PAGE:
Tag Archives: human library

Human Library: February Edition

Yesterday we had a fascinating, fun and furry Human Library event: Ann Gunderson, a certified Nosework trainer, visited Saints with her two detection dogs, Keeper and Spring! Ann trains dogs, and humans, in the sport of odor detection, and she taught us all about how dogs use their sense of smell, how powerful their noses are, and how humans can harness this power for work and fun.

Some interesting facts we learned:

  • Even though dog brains are smaller than human brains, the area devoted to processing smells is much, much larger than that of humans.
  • If you dissolved a teaspoon of sugar in an Olympic-sized swimming pool, a dog would be able to smell it!
  • Dogs are used for sniffing out not only illegal substances and weapons, but also invasive species such as mussels.

Here are some photos of the day. A big thank you to Ann, Keeper and Spring for sharing their knowledge with us!

 

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An Arresting Human Library

Today we welcomed our second Human Library guest of the year, Officer Chris Tang with the Vancouver Police Department. As soon as he showed up in full uniform, the behavior of both faculty and students improved immediately.

Officer Tang is with the Department’s identification unit, and he spoke to groups of boys about the process of securing a crime scene and collecting evidence. The boys learned about fingerprinting and the science behind identification. Officer Tang even let them try out the fingerprinting wand, a magnetic device to apply dust to items without smudging any prints, unlike a traditional brush. It was a fun and informative visit and we are so grateful that Officer Tang dropped by!

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Busiest Monday Ever…

Today was crazy, bonkers, bananas! First off, this morning was our Wonder Expo celebration day! Wonder Expo is our revamped Grade 7 science fair, which involves more structure, teacher input, and cross-curricular links. The boys have worked so hard this term on their experiments and innovations, so today was a time to celebrate, reflect and share their accomplishments.

…. and after the Wonder Expo wrapped up, we invited our March Human Library guest: Melanie Knight, a passionate and inspiring marine biologist and ocean educator! Melanie brought some tiny friends with her – sea stars, a crab, a sea urchin and a sea slug – and allowed the boys to gently touch each critter. Melanie will be back in April to kick off our Grade 4 and 5 collaborative project. She was an inspiration! Than you Melanie!

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January Human Library: Oh Maya!

Today we welcomed Wendy Porter, an archeologist specializing in the Mayan civilization! Wendy brought a wealth of knowledge along with a variety of intriguing artifacts for the students to interact with, including cacao nibs, which the Maya used as currency. (We relaxed the “no eating in the Library” rule today.) She even anticipated the needs of quieter students by coming prepared with questions on cards that they could ask her.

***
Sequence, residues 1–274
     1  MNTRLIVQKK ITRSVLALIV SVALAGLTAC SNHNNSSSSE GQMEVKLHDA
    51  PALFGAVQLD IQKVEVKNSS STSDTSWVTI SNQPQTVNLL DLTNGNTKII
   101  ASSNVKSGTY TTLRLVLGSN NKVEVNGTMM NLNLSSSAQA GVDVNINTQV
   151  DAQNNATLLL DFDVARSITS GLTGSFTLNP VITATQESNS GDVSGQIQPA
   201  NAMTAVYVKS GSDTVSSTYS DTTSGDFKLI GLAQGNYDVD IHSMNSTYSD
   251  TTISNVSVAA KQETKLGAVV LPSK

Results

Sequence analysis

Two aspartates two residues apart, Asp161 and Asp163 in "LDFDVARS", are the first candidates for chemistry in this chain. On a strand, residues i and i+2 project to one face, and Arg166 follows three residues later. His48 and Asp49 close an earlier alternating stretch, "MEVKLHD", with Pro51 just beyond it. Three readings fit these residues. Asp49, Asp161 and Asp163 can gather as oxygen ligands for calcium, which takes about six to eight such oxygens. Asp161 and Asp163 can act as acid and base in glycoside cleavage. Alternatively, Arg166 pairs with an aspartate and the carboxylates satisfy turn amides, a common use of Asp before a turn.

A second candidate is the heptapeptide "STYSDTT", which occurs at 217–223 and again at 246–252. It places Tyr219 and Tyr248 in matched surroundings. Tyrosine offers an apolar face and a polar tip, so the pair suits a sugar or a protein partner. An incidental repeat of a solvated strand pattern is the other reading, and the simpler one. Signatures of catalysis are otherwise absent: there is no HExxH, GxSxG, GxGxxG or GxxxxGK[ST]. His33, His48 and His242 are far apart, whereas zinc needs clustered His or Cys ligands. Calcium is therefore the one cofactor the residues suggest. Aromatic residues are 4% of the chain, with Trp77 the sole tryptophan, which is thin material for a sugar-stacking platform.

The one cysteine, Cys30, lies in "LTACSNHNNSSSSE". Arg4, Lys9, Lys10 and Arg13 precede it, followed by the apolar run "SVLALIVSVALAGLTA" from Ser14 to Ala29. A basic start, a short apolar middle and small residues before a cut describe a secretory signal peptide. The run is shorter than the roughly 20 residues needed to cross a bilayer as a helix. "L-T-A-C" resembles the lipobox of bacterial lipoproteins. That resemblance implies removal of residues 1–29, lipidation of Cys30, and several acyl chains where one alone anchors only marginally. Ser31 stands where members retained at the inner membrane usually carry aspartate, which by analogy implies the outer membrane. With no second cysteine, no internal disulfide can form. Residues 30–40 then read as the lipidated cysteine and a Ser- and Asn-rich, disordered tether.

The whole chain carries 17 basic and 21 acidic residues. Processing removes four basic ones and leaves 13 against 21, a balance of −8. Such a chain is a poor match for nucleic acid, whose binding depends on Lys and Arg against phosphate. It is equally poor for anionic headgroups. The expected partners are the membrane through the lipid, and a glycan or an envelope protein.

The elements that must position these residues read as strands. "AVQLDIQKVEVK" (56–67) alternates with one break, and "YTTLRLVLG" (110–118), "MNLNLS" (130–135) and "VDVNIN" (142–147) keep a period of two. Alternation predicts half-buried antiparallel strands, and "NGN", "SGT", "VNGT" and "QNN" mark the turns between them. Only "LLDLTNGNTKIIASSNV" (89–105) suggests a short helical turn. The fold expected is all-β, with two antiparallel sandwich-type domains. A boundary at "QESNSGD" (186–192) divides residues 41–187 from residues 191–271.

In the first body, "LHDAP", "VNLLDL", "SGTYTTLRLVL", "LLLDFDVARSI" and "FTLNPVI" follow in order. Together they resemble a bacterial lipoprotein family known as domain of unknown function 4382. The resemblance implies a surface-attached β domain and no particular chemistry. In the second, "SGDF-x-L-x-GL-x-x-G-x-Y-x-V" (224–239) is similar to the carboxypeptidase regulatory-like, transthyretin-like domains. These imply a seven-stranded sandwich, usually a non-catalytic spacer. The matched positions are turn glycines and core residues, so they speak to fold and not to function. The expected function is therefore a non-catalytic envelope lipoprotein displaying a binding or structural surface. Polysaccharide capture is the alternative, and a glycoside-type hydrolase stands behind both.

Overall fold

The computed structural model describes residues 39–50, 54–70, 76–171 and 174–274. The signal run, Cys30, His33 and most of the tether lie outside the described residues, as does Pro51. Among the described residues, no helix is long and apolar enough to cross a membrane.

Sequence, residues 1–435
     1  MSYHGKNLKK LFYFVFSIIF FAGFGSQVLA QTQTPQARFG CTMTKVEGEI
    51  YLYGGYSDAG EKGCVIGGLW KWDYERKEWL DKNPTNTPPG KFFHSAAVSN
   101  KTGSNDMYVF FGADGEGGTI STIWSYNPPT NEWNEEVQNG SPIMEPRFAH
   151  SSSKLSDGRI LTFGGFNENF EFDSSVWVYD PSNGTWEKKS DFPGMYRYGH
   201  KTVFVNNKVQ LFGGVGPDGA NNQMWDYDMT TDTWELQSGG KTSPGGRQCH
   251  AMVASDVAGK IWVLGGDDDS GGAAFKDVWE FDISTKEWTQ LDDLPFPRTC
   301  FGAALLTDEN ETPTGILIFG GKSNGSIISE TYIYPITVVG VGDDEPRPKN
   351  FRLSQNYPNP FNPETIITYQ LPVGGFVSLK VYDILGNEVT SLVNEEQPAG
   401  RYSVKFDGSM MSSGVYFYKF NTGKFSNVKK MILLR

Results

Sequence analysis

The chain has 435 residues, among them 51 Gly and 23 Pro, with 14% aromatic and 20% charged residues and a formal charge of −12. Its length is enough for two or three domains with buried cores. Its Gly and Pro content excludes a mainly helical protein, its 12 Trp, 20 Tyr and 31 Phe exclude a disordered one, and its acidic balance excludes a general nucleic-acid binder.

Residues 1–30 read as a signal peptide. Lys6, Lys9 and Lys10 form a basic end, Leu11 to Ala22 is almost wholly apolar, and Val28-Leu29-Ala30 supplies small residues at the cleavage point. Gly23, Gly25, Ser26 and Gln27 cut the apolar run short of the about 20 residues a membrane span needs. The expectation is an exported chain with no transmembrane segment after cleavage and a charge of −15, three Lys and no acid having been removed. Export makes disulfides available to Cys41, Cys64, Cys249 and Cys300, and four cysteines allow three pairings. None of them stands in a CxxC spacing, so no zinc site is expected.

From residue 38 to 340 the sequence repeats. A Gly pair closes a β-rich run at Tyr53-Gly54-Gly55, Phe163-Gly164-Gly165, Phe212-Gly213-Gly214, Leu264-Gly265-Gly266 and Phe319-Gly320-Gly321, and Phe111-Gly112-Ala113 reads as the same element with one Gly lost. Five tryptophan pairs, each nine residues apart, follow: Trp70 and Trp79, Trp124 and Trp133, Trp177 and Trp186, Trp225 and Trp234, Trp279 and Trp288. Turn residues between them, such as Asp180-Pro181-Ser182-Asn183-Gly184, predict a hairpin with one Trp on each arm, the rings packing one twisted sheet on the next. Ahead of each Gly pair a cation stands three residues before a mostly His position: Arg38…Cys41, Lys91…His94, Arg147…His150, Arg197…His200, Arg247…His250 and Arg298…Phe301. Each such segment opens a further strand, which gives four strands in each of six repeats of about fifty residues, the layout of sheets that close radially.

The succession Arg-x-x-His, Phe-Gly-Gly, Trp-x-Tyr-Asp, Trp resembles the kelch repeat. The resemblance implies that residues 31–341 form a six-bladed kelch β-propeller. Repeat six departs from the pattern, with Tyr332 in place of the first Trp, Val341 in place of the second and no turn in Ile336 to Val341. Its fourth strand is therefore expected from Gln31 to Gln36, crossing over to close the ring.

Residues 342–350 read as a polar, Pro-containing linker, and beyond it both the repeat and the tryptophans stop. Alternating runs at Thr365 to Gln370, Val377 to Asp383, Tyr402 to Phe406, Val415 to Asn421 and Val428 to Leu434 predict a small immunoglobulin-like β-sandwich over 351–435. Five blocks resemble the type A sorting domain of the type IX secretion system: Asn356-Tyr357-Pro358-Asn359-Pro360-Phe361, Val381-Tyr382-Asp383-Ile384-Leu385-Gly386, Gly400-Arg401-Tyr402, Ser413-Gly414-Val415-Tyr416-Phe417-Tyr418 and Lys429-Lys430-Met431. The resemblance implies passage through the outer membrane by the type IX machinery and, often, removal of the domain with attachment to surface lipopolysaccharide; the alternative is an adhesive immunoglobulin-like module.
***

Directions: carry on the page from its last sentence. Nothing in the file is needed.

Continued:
Here are some fascinating facts we learned today:

– The word “shark” comes from the Maya fish god “xoc”

– Cacao was used as money

– Maya children were punished by being held over burning chili peppers!

– The ball used in the Mesoamerican ballgame weighed eight pounds!

Take a peek at the photos below:

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796 CHO (Clement Chou’s call number)

Last Thursday we had a very special event take place in the Junior School library: the first “edition” of our Human Library project.  The idea of this project is to invite interesting people with interesting stories to come into the school to act as human books!  What that means is that students can sign these people out (just like a book) and have a conversation with them about pretty much anything that they would like.

Our first human book was a man named Clement Chou.  Clement is a blind athlete who competes for the Canadian Junior National Team in a sport called goalball.  He also is a volunteer for BC Blind Sports, plays the guitar, practices Iaido (a Japanese martial art), and is active in his church.  Over the course of the day, Clement spoke to more than 100 students, including most of the Grade 1 and Grade 2 students.

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Listening in to the conversations throughout the day, you would have heard many profound things.  Some examples of the diverse questions that were asked included:

  • How exactly do you drive?
  • Do you like video games?
  • When you buy something, how do you know that you’re getting charged correctly and not getting ripped off?
  • Is it difficult to choose the clothes that you will wear for the day?
  • How do you read the menu at a restaurant?

Clement was very patient and open, and said lots of things that were truly inspiring.  “Blindness doesn’t affect me as much as people think.  It doesn’t have to be a big deal; being blind doesn’t make you less of a person.”  And in response to the this question from a Grade 6 student: “has your life been difficult without your vision?” Clement responded, “”There have been difficult patches . . . but everyone has those.”

It was an entirely unique experience for our students. We have had guest speakers address the whole school or individual classes before, but the boys rarely have an opportunity to interact one-to-one with someone for a casual but informative conversation.

We are sure that everyone who interacted with Clement came away much more informed and aware, and we’re sure looking forward to the next human books that we have come to visit!

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Filed under Enrichment, Fun, Human Library, Overheard in the Library, Special Events